Hamer Law Group - Probate, Estate & Litigation Attorneys - Alabama
Attorneys for Probate, Estate, Trust, Conservatorships/Guardianships, and Civil Litigation.

Probate Administration

Estate & Probate Administration

Intestate Probate

Intestate estates are simply when there is no will to probate, but an estate is administered. When the decedent had no will, the process is initiated by filing a petition for letters of administration. This petition lists out information such as the name of the decedent, their date of death,the county they died in and the names of the surviving spouse (if any) and next of kin. Letters of administration cannot be admitted until the passing of five (5) days of the decedent’s death. ALA. CODE § 43-2-45. A copy of the decedent’s original death certificate and an administrator’s bond are also required for filing along with the petition for letters of administration. ALA. CODE § 43-2-851. Letters of Administration are issued by the probate court to the petitioner named in the petition upon the filing and review of all the required documents.


Testate Probate

A will can not be admitted to probate until after the death of the testator (person who wrote the will). A will must be filed for probate within five (5) years of the date of death of the testator. ALA. CODE § 43-8-161. Any person having custody of a deceased person’s will must deliver it to someone who is able to probate such will. The executor named in the will, devisee or legatee named in the will or who has custody of the will may petition to have the will probated. A petition to probate a will must be filed with the probate county of the county where the decedent was an inhabitant at the time of their death. This petition, along with the decedent’s original death certificate and the original will, must also be filed. If the original will cannot be found, it is possible to probate a copy of the will with the testimony of a witness who read the will, heard it read, and remembers its contents. Letters Testamentary are issued by the probate court upon the filing and review of all the required documents. The probate court may require a hearing if all persons listed in the petition have either not received notice or have not signed a waiver of notice and consent to the petition of the probate of will.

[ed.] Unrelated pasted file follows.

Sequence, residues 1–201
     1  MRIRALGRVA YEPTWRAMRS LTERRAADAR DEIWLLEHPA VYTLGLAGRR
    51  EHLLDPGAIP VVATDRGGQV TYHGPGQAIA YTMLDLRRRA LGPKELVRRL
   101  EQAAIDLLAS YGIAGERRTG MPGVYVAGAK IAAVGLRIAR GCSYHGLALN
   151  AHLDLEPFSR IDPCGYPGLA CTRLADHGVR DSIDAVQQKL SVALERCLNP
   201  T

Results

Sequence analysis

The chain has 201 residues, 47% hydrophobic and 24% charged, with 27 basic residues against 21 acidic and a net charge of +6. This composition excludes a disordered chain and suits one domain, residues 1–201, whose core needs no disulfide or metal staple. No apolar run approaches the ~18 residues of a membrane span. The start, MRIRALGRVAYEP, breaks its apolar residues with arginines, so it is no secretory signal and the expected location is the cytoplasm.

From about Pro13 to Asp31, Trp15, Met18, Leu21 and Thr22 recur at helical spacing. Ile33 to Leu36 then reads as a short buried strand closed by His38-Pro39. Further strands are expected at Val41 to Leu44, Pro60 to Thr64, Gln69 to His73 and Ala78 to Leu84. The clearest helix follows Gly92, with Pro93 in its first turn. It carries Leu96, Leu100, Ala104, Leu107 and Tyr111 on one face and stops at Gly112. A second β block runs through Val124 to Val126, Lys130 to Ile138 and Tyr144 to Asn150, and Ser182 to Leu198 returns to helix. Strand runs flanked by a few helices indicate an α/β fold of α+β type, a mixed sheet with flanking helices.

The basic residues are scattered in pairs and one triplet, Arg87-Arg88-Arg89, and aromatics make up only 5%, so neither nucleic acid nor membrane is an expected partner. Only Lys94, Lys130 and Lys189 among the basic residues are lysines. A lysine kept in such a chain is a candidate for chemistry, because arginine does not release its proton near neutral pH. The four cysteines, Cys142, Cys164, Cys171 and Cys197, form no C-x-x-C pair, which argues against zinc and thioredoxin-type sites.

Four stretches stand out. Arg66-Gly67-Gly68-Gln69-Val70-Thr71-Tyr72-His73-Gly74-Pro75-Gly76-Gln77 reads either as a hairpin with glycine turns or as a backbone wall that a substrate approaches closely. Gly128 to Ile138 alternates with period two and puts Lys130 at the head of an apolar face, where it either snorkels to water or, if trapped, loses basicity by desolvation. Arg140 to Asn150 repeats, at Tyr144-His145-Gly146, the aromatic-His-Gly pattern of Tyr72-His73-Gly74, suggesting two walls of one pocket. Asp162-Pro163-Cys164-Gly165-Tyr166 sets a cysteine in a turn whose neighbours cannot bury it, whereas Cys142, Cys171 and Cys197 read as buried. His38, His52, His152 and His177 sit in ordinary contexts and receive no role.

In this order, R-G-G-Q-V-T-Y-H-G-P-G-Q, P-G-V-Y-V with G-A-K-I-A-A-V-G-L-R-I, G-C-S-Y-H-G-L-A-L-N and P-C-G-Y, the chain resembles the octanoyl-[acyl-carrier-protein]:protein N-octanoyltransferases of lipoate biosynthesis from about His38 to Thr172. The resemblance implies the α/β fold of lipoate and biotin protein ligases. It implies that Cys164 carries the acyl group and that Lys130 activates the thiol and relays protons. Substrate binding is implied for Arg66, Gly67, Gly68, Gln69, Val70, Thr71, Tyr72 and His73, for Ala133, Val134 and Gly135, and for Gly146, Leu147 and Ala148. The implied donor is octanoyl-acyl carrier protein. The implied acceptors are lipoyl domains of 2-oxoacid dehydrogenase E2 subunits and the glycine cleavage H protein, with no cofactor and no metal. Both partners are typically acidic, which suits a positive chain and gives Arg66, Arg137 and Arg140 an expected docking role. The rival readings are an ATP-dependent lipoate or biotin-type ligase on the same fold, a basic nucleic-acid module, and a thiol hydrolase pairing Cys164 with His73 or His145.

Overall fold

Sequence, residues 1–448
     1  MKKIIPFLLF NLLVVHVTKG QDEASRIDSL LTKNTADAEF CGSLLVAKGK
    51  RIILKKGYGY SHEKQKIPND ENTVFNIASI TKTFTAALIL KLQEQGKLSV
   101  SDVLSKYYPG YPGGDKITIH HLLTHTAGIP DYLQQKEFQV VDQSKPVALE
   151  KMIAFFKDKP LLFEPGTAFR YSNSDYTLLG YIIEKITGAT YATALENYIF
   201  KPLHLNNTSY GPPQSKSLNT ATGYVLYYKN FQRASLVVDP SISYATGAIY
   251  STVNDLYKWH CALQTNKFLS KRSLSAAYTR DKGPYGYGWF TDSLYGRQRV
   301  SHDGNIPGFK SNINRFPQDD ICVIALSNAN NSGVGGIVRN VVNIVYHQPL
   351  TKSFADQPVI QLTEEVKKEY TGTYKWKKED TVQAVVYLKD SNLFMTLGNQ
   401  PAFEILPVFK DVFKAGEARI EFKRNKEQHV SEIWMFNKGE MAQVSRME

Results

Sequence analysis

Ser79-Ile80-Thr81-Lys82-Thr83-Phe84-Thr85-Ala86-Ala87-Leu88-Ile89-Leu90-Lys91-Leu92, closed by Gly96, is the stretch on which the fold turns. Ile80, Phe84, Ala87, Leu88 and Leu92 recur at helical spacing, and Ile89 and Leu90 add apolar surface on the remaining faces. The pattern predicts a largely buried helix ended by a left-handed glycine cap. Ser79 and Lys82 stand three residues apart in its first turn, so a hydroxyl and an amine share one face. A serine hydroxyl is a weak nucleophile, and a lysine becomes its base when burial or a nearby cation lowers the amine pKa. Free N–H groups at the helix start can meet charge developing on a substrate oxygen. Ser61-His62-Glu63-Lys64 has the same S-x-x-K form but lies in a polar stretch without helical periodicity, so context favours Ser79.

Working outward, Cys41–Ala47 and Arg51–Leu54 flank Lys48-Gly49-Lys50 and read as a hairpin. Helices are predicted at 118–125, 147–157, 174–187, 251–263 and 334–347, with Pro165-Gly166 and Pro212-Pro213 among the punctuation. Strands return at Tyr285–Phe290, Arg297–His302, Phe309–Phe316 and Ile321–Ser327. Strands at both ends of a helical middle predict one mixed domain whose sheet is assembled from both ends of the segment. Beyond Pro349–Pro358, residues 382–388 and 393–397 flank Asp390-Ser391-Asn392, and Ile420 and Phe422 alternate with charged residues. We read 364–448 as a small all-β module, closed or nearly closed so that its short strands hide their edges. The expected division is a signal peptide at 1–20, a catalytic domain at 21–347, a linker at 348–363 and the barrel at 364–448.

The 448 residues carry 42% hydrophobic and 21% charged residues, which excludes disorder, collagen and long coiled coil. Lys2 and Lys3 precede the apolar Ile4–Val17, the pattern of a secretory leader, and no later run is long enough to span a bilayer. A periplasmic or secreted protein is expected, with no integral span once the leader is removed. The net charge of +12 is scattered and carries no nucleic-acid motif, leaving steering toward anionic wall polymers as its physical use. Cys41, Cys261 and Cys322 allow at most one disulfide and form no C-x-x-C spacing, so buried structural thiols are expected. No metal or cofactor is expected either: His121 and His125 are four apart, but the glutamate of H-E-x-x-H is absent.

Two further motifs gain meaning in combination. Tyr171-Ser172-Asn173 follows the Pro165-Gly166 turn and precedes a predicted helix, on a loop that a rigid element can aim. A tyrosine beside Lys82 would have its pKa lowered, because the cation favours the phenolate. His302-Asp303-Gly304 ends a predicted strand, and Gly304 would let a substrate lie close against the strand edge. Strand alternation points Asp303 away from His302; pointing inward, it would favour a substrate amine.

Insolvent Estates

When the property of the estate is insufficient to pay the estate’s debts, the estate is said to be insolvent. Proceeds from the sale of property must be distributed in proportion to the amounts due to each creditor (in the order of priority of creditors as set out in ALA. CODE § 43-2-371). Once notice of insolvency is given, the creditors file claims and a pro-rata distribution is made by the personal representative of the estate. After a report of insolvency is filed by the personal representative, a hearing is set by the probate court. Once notice of the hearing is properly given, and no one contests the insolvency report, the court can declare the estate insolvent.


Small Estates/ Summary Distribution

In cases where the value of the decedent’s entire estate does not exceed $25,000, a summary distribution may be appropriate. A summary distribution is a court proceeding utilized to distribute personal property of a decedent to a surviving spouse or any other appropriate distributees without the expense of going through a full probate administration. The Alabama Small Estates Act requires other conditions be met in addition to a prescribed estate value set each year by the Alabama Department of Finance. Some of these conditions include the following: (1) the petitioner must be the surviving spouse or a distributee, (2) no other petition has been filed or granted, (3) all funeral expenses have been paid, (4) all claims against the estate have been paid or arrangements for payment have been made.


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